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Laurie Clarke


DWP wasted £10m on failed IT projects last year

The Department for Work and Pensions (DWP) had to write off more than £10m of taxpayer money on failed IT projects in the past year, according to its newly published annual report (PDF).

The wasted cash was spread across three costly duds. Accounting for the biggest share was the health transformation programme, which frittered away £4.8m on a contingency IT solution to support Personal Independence Payment assessments, in the event that a new platform wouldn’t be available in time for a transition.

However, work on this contingency solution was halted when it was realised the new digital platform would be ready for transition from March 2020.

A loss of £3.1m was also recorded for a deal with Computacentre for the purchase of ‘Remote Secure Access and Secure Web Gateway’, a cloud based software service from Palo Alto Technologies. According to the report, which was first spotted by Computer Weekly, it became clear after purchase that the service wasn’t able to support the number of necessary users.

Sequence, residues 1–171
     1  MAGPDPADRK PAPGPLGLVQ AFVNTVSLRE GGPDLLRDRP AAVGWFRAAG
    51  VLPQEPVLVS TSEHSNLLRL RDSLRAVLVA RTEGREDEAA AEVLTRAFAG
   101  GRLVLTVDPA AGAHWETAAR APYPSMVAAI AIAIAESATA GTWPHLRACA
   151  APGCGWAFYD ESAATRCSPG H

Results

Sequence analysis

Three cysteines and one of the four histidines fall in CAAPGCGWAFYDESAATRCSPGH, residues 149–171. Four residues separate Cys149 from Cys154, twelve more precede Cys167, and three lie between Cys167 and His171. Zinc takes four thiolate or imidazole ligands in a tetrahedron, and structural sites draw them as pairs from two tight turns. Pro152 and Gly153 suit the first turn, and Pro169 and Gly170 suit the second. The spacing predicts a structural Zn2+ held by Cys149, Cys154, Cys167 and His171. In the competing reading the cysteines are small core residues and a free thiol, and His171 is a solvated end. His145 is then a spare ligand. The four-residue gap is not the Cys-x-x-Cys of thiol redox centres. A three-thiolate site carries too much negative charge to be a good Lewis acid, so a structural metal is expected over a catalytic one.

Finally, the “fruitless payments” section notes a misfire on signing up to cyber security product Microsoft Defender Advanced Threat Protection (MS Defender). The report notes that over time it became apparent that MS Defender wasn’t compatible with aspects of the Department’s IT environment and had to be abandoned, but unfortunately not before costing the department (and the taxpayer) £2.8m. Altogether, the wasted cash totals £10.7m for IT projects.

The department highlighted the aims of 2019-20 IT projects, which included enabling transformation, improving stability and performance of digital systems, strengthening cyber security, and building a future digital approach in addition to cultivating the sufficient skills to expedite these goals.

In recent months, Covid-fuelled joblessness has sparked a six-fold surge in people applying for Universal Credit, which led to the DWP’s systems becoming log jammed earlier in the year. The annual report notes the need to make quick changes in response to the pandemic, including a more timely delivery of the Confirm your Identity service to fast-track new applications and let Universal Credit applicants prove their identity online.